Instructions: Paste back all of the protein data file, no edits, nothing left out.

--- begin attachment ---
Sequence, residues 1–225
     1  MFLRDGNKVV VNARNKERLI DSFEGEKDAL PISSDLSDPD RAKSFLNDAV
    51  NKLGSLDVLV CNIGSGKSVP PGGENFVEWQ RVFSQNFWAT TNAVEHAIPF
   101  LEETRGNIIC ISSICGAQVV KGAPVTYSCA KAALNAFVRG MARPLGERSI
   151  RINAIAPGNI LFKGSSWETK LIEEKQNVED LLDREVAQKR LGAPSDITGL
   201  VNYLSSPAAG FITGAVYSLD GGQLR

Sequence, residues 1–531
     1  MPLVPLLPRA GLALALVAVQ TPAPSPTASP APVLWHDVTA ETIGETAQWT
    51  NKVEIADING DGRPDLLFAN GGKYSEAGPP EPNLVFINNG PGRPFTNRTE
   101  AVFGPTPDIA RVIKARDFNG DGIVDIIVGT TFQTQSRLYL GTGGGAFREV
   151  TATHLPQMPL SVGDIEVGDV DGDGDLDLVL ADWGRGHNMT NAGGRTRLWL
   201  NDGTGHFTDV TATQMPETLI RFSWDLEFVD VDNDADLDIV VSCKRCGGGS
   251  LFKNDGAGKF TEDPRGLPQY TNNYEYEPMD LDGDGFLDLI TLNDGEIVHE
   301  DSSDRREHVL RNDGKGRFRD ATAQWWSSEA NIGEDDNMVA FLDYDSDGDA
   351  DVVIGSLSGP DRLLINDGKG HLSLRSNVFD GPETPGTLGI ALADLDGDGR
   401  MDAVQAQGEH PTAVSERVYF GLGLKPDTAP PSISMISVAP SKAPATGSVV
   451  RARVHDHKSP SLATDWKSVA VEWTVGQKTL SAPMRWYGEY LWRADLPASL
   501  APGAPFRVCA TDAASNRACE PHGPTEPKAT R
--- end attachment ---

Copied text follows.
Sequence, residues 1–225
     1  MFLRDGNKVV VNARNKERLI DSFEGEKDAL PISSDLSDPD RAKSFLNDAV
    51  NKLGSLDVLV CNIGSGKSVP PGGENFVEWQ RVFSQNFWAT TNAVEHAIPF
   101  LEETRGNIIC ISSICGAQVV KGAPVTYSCA KAALNAFVRG MARPLGERSI
   151  RINAIAPGNI LFKGSSWETK LIEEKQNVED LLDREVAQKR LGAPSDITGL
   201  VNYLSSPAAG FITGAVYSLD GGQLR

Sequence, residues 1–531
     1  MPLVPLLPRA GLALALVAVQ TPAPSPTASP APVLWHDVTA ETIGETAQWT
    51  NKVEIADING DGRPDLLFAN GGKYSEAGPP EPNLVFINNG PGRPFTNRTE
   101  AVFGPTPDIA RVIKARDFNG DGIVDIIVGT TFQTQSRLYL GTGGGAFREV
   151  TATHLPQMPL SVGDIEVGDV DGDGDLDLVL ADWGRGHNMT NAGGRTRLWL
   201  NDGTGHFTDV TATQMPETLI RFSWDLEFVD VDNDADLDIV VSCKRCGGGS
   251  LFKNDGAGKF TEDPRGLPQY TNNYEYEPMD LDGDGFLDLI TLNDGEIVHE
   301  DSSDRREHVL RNDGKGRFRD ATAQWWSSEA NIGEDDNMVA FLDYDSDGDA
   351  DVVIGSLSGP DRLLINDGKG HLSLRSNVFD GPETPGTLGI ALADLDGDGR
   401  MDAVQAQGEH PTAVSERVYF GLGLKPDTAP PSISMISVAP SKAPATGSVV
   451  RARVHDHKSP SLATDWKSVA VEWTVGQKTL SAPMRWYGEY LWRADLPASL
   501  APGAPFRVCA TDAASNRACE PHGPTEPKAT R